When he’s just a young teen he comes to his last summer with Grandmother Charlotte, resolved that he is going to reject her world, her stories, her Frenchness and he is going to become a Russian for real. He’s angry, feeling sort of as though she has conned him into an anti-Russian world view.

But that last summer becomes decisive. He realizes he can’t do what he said he would do, what he thought, at least, what he wanted. Charlotte’s world is his own and he is, indeed, French. He returns to France, and only one or two other times in his life does he return. He even loses contact with his aging grandmother.

He becomes a respected journalist in Germany, but writing for a Russian public. Just when the Soviet Union is collapsing, he leaves Germany and returns to Paris. He is desperately poor, but knows he must become a writer. He must tell the story of this conflict between French culture and world views and Russian culture and world views. He wonders, would it even be possible that Charlotte is still alive, well into her 80s. He doesn’t know how to contact her, but applies for a visa to go to Russia and tries to get a friend who will be in Russia to get a note to his grandmother that he is coming for her and will bring her home to Paris.

He struggles to make a living, becomes the writer he knows he must be, and gets just enough money to get a decent apartment so that he can, indeed, bring his grandmother “home” for her last days.

The ending is deeply touching and sad. However, the direction of the narrator’s life is fixed. He is establishing himself as a writer, even though he has to pretend that his novels have been translated from the original Russia by this non-existent translator. He is on his way to success.

The story is very touching, beautiful, and the crisis between his Russianness and his Frenchness is powerful. While the story cannot possibly be autobiographical in essence (the author wasn’t born until 1957, the whole of the story assumes a narrator who was born in the early 1930s), many of the details in the latter section are actually true of the author himself. He wrote his literary work in French, after having only been there as an immigrant for a couple of years. Publishers didn’t believe he could possibly know French well enough to write these books. So, he created a fictional translator and presented the novels as this “translator’s translations. The books were published and DREAMS OF MY RUSSIAN SUMMERS was a major factor in his becoming a respected and accepted French author.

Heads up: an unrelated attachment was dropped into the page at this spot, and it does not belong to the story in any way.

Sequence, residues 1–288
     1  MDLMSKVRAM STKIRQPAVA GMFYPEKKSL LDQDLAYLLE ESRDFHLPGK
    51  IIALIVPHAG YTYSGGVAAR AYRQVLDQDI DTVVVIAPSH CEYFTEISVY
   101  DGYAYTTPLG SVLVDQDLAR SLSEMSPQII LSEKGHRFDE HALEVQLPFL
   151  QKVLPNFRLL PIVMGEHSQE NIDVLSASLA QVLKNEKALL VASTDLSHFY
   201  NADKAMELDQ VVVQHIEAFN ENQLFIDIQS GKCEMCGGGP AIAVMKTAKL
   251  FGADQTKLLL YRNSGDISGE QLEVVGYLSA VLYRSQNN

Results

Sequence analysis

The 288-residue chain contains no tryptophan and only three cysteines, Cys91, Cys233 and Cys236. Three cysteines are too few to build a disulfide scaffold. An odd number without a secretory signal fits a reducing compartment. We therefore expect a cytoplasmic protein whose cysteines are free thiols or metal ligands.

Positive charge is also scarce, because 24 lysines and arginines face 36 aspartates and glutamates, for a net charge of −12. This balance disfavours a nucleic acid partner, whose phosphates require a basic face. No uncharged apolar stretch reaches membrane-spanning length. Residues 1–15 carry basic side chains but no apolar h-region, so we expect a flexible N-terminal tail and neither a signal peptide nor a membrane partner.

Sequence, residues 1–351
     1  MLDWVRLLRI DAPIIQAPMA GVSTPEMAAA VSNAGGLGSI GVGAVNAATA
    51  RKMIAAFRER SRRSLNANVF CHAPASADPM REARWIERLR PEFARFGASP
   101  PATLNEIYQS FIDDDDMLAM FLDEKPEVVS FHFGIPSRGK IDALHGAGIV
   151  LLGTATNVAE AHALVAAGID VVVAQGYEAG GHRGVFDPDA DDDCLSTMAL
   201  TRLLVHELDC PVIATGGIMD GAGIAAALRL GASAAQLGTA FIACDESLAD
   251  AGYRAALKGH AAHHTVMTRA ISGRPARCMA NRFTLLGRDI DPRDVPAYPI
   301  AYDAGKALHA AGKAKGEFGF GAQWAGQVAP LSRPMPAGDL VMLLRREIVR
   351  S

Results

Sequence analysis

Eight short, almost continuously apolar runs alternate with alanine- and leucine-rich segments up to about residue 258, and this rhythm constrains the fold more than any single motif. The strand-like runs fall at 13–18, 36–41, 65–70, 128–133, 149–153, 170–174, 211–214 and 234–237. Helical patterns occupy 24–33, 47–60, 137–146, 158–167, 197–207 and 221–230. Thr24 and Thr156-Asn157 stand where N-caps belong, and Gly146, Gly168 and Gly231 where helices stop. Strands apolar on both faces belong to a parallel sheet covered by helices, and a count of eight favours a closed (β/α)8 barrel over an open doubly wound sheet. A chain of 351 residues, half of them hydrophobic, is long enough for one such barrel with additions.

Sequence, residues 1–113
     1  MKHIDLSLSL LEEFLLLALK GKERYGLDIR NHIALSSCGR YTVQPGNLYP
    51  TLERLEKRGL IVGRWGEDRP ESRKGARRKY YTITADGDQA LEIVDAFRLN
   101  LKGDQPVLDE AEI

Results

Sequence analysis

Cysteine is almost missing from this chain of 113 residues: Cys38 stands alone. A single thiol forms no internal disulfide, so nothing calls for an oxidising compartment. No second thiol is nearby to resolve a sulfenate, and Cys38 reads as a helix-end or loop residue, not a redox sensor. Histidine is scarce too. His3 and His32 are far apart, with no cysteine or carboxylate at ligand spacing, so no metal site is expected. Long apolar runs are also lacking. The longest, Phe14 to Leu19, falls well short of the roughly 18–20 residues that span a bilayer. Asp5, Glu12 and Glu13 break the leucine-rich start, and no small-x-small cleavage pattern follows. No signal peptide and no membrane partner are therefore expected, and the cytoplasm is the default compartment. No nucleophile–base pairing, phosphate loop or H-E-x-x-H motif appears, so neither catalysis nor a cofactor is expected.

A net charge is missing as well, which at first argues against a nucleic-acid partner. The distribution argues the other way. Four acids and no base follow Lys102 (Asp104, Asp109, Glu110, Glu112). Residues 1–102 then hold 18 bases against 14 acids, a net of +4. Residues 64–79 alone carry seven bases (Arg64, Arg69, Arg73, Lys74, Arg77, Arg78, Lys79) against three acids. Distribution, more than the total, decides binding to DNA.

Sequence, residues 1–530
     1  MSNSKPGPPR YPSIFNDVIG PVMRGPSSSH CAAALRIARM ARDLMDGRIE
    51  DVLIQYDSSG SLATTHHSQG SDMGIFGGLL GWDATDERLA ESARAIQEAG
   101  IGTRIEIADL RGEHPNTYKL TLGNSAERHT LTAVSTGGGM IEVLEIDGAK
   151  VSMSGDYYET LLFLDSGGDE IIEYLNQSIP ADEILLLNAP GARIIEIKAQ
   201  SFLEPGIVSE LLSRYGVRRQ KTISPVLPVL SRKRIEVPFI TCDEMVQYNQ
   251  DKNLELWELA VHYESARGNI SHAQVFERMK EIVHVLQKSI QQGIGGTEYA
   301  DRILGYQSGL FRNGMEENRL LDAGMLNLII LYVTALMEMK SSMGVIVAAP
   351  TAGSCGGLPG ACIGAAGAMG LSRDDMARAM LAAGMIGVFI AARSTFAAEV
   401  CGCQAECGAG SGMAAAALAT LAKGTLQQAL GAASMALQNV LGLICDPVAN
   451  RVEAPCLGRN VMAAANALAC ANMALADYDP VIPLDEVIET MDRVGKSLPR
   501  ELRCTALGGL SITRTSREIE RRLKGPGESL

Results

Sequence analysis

The book is powerful, gripping and an amazing achievement. It is a believable and exciting look at the balancing of two very different cultures and how one carries on and what might well have been going on inside one’s head in that clash, not only of cultures, but of languages, for a young boy growing up in both languages and both cultures.

The ending is beautiful and very touching. I’m not sure what I really expected, there were so many options that could have come about. However, author Andrei Makine brings his deeply touching and challenging novel to an end that will touch most readers very

Bob Corbett


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Bob Corbett